It must have seemed like some freak accident in the case of Super Killer Hornet, a bizarre experiment gone right. The combination of a Bullet Hell shooter and Mathematics is not the first two singles you’d think to pair up, but it worked out splendidly once you were in-game, adding a twist (and a little education) to an otherwise standard formula. With Super Killer Hornet Resurrection, or SKH-Resurrection ($2.99) as is its officially-listed name, Flump Studios revisits the idea and installs some upgrades.
And if you’ve played the original, you’ll recognize the format. A handful of varying enemy / fire types, coupled with giant end bosses and spread over six vertically-scrolling levels. You’ll get your choice of three ships with differing degrees of firepower and spread, with only the very center of your spacecraft being vulnerable to enemy shots. Bombs are handed out to erase the screen of bullets and baddies, allowing both manual and auto (for beginners) settings for their deployment. Modes, too, come in your typical flavoring— Arcade, Time Attack, and Survival.
Where SKH:R forks the shooter path is when numbers begin to slide down the screen mid-battle, setting the stage for some light Arithmetic (Addition, Subtraction, etc.; nothing too taxing or with answers too behemoth). Completing the equations correctly do more than just increase your multiplier, and in essence ‘level up’ your ship, granting additional shot streams so that you can cover more of the battlefield.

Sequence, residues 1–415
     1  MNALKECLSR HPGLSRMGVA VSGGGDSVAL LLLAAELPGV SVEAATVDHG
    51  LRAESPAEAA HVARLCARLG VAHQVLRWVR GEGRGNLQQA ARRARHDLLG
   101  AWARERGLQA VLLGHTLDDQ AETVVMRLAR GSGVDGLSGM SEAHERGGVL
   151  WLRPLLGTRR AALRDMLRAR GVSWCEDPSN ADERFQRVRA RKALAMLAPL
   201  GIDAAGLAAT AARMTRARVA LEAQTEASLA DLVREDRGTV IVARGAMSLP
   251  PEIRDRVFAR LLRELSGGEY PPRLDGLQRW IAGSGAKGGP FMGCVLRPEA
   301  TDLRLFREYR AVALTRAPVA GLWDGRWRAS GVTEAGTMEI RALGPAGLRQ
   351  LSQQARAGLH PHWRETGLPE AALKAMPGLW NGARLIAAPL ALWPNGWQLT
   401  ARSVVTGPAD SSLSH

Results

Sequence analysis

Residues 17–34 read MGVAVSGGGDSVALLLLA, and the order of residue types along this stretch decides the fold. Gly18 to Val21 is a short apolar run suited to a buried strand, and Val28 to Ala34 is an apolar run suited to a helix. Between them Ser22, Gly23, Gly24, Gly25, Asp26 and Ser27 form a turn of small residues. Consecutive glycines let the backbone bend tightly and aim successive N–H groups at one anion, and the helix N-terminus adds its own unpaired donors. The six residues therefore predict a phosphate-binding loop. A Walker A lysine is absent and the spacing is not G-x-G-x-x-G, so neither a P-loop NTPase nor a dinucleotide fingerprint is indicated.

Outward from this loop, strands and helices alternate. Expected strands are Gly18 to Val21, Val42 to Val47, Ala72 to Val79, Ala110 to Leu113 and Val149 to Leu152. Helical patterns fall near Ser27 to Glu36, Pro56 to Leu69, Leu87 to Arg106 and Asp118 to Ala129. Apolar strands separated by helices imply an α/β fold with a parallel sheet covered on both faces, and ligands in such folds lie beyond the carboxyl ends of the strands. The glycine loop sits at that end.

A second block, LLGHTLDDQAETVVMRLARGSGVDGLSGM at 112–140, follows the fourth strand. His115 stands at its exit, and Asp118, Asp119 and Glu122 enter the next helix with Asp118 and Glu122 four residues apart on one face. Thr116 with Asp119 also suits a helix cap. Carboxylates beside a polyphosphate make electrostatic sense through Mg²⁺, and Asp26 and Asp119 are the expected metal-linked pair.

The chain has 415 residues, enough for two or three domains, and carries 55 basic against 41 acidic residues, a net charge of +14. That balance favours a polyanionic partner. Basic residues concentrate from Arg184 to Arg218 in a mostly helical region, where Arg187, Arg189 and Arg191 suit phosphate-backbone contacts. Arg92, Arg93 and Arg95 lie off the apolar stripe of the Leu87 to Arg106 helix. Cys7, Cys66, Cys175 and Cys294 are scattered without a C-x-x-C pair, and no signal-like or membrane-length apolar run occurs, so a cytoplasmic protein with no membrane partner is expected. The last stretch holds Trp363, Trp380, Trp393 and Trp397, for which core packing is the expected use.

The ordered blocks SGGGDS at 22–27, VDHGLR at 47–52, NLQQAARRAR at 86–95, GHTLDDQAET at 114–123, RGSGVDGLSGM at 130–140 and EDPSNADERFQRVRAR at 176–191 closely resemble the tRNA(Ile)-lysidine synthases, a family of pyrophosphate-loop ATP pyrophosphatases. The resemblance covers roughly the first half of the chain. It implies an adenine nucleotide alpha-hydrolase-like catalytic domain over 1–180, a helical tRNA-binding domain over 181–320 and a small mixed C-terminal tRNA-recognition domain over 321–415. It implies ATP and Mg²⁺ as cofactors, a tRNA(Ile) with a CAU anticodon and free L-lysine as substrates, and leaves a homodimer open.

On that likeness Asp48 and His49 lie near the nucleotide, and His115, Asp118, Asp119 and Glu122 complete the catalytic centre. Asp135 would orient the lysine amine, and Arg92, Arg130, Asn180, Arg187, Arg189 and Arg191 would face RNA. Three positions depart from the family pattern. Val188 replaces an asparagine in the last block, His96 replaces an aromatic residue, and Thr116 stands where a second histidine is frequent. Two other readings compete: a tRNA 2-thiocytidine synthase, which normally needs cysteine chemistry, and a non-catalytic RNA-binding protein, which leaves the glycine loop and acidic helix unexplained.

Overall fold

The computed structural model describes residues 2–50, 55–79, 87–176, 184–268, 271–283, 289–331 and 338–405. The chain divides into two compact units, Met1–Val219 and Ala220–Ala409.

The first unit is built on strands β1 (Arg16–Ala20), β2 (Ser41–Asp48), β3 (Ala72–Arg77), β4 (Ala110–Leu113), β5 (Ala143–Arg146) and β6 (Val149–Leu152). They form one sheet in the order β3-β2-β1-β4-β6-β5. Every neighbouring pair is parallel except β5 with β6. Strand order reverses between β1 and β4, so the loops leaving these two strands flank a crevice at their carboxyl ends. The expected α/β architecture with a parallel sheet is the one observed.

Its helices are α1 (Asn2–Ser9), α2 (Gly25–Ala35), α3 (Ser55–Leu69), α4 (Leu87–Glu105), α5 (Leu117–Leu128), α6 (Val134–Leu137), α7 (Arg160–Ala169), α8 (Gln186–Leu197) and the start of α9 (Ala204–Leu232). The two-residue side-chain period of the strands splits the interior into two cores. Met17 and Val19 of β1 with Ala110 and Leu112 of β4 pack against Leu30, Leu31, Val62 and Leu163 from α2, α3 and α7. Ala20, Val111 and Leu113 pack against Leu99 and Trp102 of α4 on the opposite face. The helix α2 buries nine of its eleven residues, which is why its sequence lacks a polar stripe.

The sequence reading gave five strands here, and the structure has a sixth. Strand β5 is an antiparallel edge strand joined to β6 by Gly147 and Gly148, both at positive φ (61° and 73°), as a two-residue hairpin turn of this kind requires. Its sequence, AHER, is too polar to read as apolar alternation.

On the reverse side, get the question wrong and you’ll downgrade your ship, halving your fighter’s effectiveness and potentially hurting your end-level bonus until you put together a string of right answers. This ‘chaotic math’ factors into the gameplay in other ways, as well, serving as a way to ‘damage’ a certain boss, while in Time Attack, answering correctly extends the timer (and your life).
Insert easy joke on ‘Hornet’ name here.
For audio, you get a decent, hard-rocking soundtrack from the ‘Sixty-Fours’, or you can opt for the game’s official set. Both compliment the game well enough, but it’s the mechanics of SKH: R that really hit their stride in this iteration. The first game was good fun, while Pester improved on the shooting aspect and added a ton of mode variations, but here, it feels like the culmination of harder work, the true manifestation of the rather brilliant idea conceived in the original game. My one gripe is with the bosses, which tend to repeat a little too often and feel like placeholders for missing action.
That issue aside, you can’t really go wrong with the rest of Super Killer Hornet Resurrection and its already-solid core made better, packed with enough challenge and tricks to cater to a wide (and not so dumb) crowd. So don’t be ignorant, my friend. If you’re gonna shoot something, do it with some style. And some multiplication tables.